- Liver Meridian: Fourteen points are found on this meridian called Jue Yin.
Subject Spotlight: Client Assessment
Students can expect to learn how to conduct thorough client assessments. Based on key indicators, an experienced practitioner is often able to diagnose the ailment so as to know how to best approach treatment.
Oral assessments typically include gathering and evaluating information about the following:
- The nature, severity, and even the cause of the condition being treated
- A client's general medical history, including any predisposition for adverse reaction to treatment
- The client's level of appetite, current diet, and history of food allergy or sensitivity
- A client's lifestyle, regularity of exercise, sleep patterns, habitual behaviors, menstrual cycles and the level of stress
Physical assessments most often involve:
- Examining a patient's complexion for pallor, or discoloration that may be caused by illness or emotional distress
- Looking at the tongue for discoloration or coating.
- Listening to the tenor of a patient's voice as it can offer some indication of the nature and severity of their condition
- A pulse diagnosis to look at the qualities of the pulse, such as whether it is fast or slow, whether the surrounding area is hard or yielding, and whether the pulse can be felt as forceful or weak.
What degree options are available through acupuncture schools?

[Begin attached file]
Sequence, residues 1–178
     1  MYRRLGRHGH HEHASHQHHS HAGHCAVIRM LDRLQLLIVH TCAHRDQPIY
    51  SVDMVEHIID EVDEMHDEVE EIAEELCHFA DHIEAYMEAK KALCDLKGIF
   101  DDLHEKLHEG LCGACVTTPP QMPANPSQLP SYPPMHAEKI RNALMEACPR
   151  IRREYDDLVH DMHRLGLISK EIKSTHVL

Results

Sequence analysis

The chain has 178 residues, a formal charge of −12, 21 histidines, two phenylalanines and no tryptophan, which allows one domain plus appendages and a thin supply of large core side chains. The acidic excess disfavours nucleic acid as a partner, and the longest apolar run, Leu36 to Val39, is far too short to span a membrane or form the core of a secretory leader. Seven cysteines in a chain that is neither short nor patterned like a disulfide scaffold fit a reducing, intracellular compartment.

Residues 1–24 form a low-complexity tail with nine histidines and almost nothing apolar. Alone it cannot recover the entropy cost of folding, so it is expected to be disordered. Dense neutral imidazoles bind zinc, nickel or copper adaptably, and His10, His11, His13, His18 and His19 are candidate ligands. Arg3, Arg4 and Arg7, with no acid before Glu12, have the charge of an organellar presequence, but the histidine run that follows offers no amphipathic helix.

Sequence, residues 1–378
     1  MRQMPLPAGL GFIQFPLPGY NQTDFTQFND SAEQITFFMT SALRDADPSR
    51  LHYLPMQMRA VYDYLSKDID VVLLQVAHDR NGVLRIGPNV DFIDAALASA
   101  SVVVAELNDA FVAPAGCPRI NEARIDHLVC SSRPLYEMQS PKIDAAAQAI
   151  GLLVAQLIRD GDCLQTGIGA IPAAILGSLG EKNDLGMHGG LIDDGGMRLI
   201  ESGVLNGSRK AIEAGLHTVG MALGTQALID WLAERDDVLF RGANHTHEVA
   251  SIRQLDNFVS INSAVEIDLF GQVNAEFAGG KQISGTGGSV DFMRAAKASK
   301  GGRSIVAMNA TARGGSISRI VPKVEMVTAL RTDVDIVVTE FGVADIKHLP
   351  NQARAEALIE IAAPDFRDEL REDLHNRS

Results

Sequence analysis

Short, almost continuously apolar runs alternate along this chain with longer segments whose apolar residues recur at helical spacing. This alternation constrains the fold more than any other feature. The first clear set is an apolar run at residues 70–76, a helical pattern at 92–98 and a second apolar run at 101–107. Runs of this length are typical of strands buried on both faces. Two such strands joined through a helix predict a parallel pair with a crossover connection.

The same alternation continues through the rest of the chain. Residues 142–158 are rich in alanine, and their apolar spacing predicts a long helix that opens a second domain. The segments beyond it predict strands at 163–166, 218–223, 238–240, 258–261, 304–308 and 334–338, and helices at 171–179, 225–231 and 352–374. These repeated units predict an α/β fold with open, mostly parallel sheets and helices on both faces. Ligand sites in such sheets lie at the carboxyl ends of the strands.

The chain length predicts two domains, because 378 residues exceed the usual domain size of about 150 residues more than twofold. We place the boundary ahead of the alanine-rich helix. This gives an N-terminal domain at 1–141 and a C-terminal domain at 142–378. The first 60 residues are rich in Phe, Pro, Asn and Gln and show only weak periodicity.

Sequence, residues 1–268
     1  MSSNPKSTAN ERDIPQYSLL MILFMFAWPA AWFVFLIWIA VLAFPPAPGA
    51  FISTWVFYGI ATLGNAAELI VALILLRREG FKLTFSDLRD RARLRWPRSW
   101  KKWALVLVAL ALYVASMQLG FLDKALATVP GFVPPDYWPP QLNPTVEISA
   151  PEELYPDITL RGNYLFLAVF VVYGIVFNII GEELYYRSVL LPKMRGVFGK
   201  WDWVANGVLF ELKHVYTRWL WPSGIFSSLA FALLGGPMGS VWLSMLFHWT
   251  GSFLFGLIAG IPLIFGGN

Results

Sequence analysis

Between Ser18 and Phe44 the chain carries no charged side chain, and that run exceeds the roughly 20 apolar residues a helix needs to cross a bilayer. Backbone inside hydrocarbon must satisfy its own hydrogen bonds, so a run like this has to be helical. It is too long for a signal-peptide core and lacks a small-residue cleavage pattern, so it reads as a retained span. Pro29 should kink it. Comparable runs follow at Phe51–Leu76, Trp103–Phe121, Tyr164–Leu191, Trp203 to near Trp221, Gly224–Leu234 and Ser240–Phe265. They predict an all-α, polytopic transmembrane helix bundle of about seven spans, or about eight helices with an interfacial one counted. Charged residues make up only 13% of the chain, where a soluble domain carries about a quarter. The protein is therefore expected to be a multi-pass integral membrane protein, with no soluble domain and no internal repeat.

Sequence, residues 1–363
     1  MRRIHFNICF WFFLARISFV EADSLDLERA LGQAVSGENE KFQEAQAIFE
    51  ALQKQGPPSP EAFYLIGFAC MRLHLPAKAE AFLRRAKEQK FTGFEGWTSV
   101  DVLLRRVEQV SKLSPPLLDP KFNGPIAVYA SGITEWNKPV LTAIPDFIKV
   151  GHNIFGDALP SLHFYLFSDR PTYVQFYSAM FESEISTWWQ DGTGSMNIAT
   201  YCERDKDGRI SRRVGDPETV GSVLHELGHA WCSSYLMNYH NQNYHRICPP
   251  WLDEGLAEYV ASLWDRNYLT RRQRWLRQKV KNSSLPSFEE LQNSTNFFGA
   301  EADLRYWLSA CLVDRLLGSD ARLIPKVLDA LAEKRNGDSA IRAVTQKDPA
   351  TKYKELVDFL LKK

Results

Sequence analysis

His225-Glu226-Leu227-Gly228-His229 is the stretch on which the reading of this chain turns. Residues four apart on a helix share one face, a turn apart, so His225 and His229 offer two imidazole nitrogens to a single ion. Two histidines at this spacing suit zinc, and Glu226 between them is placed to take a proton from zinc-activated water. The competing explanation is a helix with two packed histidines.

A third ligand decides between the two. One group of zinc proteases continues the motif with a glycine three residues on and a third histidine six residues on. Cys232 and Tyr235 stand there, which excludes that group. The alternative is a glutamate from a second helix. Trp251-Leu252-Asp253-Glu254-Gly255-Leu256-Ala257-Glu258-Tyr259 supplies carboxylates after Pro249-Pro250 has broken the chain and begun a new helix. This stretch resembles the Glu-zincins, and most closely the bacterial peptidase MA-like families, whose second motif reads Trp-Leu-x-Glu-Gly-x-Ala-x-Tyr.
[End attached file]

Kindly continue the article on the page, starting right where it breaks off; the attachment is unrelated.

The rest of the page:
Acupuncture certification programs are often pursued by practicing MDs, as well as chiropractors, naturopaths, and osteopathic physicians. MDs, DCs, DOs, and NDs often take certification courses to get the formal instruction necessary to begin introducing acupuncture into their practice. Certification courses can usually be completed in about a year's time with between 200 and 300 hours of acupuncture training.
Although licensed medical practitioners frequently pursue certificate programs, they are also available to individuals without formal medical training who are interested in pursing a career in acupuncture and Chinese medicine. However, the licensing requirements set by most states actually mandate more formal training than these programs provide in order to receive licensure for independent practice.
Bachelor’s degree programs in acupuncture can be an excellent option for those who intend to practice in states where the state licensing body doesn’t require practitioners to hold a minimum of a master of science. These bachelor programs are also one way to prepare for enrolling in a master’s program.
Master’s degree programs are the standard for acupuncturists who wish to operate independent of physician oversight, open and operate an independent practice of their own, and make a career out of acupuncture and Chinese medicine. The Master of Science in Acupuncture degree takes between two and three years to complete after having completed a bachelor’s program. The bachelor’s degree must be related to medical science, but does not need to be specific to acupuncture. It is worth noting that within this specialized field of medicine three- and four-year master’s programs are quite common and are available to individuals who hold a two-year Associate of Science degree.